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Identity

Timandra Harkness and Leo Johnson explore how people will answer the question 'Who am I?' in the future.

FutureProofing is a series in which presenters Timandra Harkness and Leo Johnson examine the implications - social and cultural, economic and political - of the big ideas that are set to transform the way our society functions.

Episode 2: Identity

Timandra and Leo explore how we will answer the question 'Who am I?' in future. New thinking points towards identity becoming increasingly a matter of choice rather than a fixed set of personal characteristics and social experiences. Instead of the geographical accidents which determine our places of birth and the environments in which we spend our formative years, future identities appear set to become more fluid, shaped by individual preference and an increasing range of options available to us - and not just culturally, but also regarding qualities such as our ethnicity and gender.

How might people express a more nuanced form of gender and sexuality in future? If you are born with one ethnicity, could you choose to identify as another? And if we are to shift identity often, could that remove the stigma traditionally attached to all those who present themselves as very different people at different stages of their lives?

Producer: Jonathan Brunert.

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43 minutes

Last on

Sat 22 Aug 2015 22:15

The future of identity?

The future of identity?

"Don’t forget your lingerie…” Timandra calls out to me. “It all starts from within.” I'm headed for the Queer Tango festival in Paris, and I've frankly got no idea what to expect, except that there's going to be a boundary, and I'm going to be on the wrong side of it. It's late when I arrive at the Cirque Electrique, a big-top circus tent in the 20th, on the Périphérique ring-road that circles the city, separating in from out. I am in a vibrant cerise-pink shirt that I have bought in a store near the Gare du Nord.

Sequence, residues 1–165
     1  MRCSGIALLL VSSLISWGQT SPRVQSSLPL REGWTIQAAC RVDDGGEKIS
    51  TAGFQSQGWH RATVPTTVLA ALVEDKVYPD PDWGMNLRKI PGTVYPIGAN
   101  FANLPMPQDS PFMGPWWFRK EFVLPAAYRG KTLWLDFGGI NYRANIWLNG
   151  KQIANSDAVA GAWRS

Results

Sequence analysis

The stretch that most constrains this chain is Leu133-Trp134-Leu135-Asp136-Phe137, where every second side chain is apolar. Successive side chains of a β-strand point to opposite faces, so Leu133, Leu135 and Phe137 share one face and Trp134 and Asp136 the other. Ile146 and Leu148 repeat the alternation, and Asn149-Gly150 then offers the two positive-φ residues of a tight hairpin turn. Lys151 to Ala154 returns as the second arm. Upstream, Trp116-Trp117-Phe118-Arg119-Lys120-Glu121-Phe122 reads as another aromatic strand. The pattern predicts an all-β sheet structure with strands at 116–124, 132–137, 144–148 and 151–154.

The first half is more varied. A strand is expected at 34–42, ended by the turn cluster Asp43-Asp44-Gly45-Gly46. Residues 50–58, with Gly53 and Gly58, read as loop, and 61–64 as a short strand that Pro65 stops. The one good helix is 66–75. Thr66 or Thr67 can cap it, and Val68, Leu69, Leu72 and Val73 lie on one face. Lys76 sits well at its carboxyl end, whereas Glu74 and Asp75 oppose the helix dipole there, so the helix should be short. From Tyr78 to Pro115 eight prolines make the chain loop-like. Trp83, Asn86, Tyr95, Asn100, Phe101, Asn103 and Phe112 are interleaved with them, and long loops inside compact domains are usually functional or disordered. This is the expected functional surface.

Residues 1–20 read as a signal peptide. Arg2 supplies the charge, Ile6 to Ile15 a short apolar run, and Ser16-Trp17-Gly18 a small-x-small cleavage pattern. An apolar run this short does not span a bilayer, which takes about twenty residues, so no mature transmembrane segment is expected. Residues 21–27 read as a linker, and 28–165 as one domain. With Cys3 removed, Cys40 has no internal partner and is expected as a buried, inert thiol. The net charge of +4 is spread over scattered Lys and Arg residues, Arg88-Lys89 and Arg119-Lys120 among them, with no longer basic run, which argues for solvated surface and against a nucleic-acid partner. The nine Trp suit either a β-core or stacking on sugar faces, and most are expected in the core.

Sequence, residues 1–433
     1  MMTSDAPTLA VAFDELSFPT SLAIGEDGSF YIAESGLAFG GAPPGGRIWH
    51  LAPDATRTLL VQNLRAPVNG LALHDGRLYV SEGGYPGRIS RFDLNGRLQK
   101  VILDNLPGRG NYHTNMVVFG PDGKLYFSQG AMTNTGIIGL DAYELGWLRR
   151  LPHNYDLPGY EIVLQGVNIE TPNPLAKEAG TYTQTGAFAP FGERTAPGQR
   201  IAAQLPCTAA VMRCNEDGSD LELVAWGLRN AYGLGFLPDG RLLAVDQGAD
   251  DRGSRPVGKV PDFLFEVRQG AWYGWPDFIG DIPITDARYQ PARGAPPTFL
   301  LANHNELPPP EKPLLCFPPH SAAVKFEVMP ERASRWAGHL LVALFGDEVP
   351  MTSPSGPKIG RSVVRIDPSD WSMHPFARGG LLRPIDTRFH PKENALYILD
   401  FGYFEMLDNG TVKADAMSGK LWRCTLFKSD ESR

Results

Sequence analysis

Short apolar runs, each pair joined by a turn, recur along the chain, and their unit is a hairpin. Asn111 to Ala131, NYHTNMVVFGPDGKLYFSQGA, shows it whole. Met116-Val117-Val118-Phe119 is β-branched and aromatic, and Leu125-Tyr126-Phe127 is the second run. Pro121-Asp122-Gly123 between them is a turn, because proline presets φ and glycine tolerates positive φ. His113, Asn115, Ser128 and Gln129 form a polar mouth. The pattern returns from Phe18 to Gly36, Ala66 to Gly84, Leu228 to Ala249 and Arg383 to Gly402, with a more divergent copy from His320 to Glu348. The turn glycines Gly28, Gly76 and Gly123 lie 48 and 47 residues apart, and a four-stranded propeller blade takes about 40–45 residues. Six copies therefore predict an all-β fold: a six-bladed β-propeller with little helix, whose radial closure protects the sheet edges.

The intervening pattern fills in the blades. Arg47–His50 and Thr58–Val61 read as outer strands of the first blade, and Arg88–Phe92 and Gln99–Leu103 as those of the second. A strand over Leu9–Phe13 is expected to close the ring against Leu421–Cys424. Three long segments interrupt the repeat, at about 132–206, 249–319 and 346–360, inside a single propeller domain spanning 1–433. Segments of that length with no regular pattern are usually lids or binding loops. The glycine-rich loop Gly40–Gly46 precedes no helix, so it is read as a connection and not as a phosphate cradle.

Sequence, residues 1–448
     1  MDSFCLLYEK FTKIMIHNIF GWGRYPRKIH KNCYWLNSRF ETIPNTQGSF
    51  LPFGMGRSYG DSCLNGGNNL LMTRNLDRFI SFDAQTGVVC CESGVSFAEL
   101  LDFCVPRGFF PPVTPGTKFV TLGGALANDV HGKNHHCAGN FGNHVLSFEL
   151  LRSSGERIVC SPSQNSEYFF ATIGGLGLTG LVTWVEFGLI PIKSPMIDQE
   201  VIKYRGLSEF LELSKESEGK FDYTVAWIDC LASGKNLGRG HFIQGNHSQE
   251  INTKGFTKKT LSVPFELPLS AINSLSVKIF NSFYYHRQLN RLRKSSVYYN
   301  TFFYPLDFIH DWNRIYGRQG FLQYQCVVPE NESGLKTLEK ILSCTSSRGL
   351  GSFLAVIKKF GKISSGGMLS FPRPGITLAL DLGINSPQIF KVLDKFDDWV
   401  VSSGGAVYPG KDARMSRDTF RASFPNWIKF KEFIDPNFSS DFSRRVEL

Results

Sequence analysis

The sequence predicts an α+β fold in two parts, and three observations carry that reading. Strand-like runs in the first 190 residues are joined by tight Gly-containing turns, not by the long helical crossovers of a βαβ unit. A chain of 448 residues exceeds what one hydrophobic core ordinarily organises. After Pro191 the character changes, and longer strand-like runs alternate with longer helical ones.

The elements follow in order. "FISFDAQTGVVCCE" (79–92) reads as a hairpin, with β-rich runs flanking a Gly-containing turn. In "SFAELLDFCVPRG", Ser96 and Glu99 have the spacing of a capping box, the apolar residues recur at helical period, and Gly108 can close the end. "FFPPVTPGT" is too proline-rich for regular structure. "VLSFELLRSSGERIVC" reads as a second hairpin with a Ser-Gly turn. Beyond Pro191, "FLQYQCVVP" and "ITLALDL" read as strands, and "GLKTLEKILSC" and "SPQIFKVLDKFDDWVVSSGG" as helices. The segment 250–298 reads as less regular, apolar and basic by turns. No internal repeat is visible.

The moon is up.  I walk past the caravans into the tent. There are men dancing with men, women dancing with women, women dancing with men. Old and young, post-op and pre-on.  No one is looking at my shirt. It is a site of gender oblivion, a place where the normal categories used to define identity just don’t seem to be operating. Is this a glimpse into the future?

“Why queer tango?" I ask Jon. “Because it’s so hard”, he says.  And when I dance, I start to understand. In queer tango there are no rules. It's like you’re playing rock, paper, scissors, and for three solid minutes you’re managing to throw the same identical shapes with your legs as your partner. You can only do that, he tells me, if you are joined to them, in the same physical and energetic space, if you have forgotten the identity boundaries that we put up-not just straight or gay, male or female, black or white, but the big one - the Berlin Wall of identity boundaries - me versus you. “Why queer tango?" I ask Diane, a French banker. “To lose myself”, she says.

Leo

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